Don’t go blind looking at the sun during the eclipse. I remember as a kid my dad smoked glass with candle soot so we could watch an eclipse. Nowadays that gets a big no-no!
There are two ways to look at the Sun safely: by direct viewing, with a proper filter, or by projecting the Sun’s image onto a piece of paper. They protect the eye against both visible and invisible radiations.
Walmart is selling eclipse glasses at $3.88 according to their website. If you’re not shopping at Walmart for political reasons, other retailers like 7-Eleven, Best Buy, Bi-Mart, Casey’s General Store, Circle K, Hobby Town, Kirklands, Kroger, London Drugs, Love’s Travel Shops, Lowe’s, Pilot/Flying J, and Toys “R” Us may still have them. You could also go to a welding-supply store and buy a piece of #14 arcwelder’s glass, which reduces sunlight enough for safe direct naked-eye viewing.
You don’t necessarily need fancy equipment to watch a solar eclipse. With just a few simple supplies, you can make a pinhole camera that allows you to view the event safely and easily. Here’s how.
Visit NASA’s Eclipse Across America site for more information on the Aug. 21, 2017, total solar eclipse. And check this page for eye-specific information.
It is never safe to look directly at the sun’s rays – even if the sun is partly obscured. When watching a partial eclipse you must wear eclipse glasses at all times if you want to face the sun, or use an alternate indirect method. This also applies during a total eclipse up until the time when the sun is completely and totally blocked.
During the short time when the moon completely obscures the sun – known as the period of totality – it is safe to look directly at the star, but it’s crucial that you know when to take off and put back on your glasses.
First and foremost: Check for local information on timing of when the total eclipse will begin and end. NASA’s page of eclipse times is a good place to start.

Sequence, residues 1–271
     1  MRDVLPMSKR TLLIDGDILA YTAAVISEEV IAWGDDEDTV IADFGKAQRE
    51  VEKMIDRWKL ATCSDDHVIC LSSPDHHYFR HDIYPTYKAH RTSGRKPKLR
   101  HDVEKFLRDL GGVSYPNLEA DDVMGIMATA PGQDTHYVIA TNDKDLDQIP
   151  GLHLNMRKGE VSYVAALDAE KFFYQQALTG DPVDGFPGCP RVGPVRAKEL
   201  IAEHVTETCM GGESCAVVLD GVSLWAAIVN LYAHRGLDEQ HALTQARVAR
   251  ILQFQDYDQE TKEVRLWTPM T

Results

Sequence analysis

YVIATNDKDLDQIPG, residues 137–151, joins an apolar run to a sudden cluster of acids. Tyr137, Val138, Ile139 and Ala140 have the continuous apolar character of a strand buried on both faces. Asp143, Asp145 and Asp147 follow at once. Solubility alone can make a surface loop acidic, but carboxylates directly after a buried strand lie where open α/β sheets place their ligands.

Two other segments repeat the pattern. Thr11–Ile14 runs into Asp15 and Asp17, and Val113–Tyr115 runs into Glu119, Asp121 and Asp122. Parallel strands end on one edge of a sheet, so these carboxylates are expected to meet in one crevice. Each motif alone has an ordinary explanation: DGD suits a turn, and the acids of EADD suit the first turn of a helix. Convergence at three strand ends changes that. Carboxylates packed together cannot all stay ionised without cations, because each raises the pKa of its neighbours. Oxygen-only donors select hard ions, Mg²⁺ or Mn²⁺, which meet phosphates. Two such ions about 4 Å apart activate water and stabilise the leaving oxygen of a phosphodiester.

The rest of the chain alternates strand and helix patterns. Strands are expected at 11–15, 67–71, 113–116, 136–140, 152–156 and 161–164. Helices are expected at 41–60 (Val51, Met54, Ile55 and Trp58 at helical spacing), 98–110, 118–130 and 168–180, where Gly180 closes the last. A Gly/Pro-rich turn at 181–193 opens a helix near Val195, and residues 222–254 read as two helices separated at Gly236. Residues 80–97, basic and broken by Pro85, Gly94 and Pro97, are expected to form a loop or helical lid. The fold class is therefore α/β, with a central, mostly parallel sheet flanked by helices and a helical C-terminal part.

Second: The sun also provides important clues for when totality is about to start and end.
1) As the moon moves in front of the sun, there comes a time when there is a single bright spot left – a bright spot that, in combination with the atmosphere of the sun still visible around the moon, looks like a giant diamond ring.
2) As the moon continues to move, this bright spot may break up into several points of light that shine around the moon’s edges. Known as Baily’s Beads, these are light rays from the sun streaming through the valleys along the moon’s horizon. Baily’s Beads are very short-lived, and may not last long enough to be noticeable to all observers of the total solar eclipse. It is still not safe to look at the sun at this point! Only when these spots completely disappear can you safely look at the sun.
3) Once the Baily’s Beads disappear and there is no longer any direct sunlight coming toward you, you may look at the total eclipse safely. But you must still be vigilant to make sure you protect your eyes again before the end of totality. The entire total eclipse may take only a minute or two in some locations.
4) As the moon continues to move across the face of the sun, you will begin to see brightening on the opposite side from where the diamond ring shone at the beginning. This is the lower atmosphere of the sun, beginning to peek out from behind the moon and it is your signal to stop looking directly at the eclipse. Make sure you have safety glasses back on – or are otherwise watching the eclipse through a safe, indirect method – before the first flash of sunlight appears around the edges of the moon.
5) Once your eyes are protected again, you may continue to watch the final stages of the eclipse as the end process mirrors the beginning: You will once again see Baily’s Beads and then a diamond ring, before the entire sun is once again visible.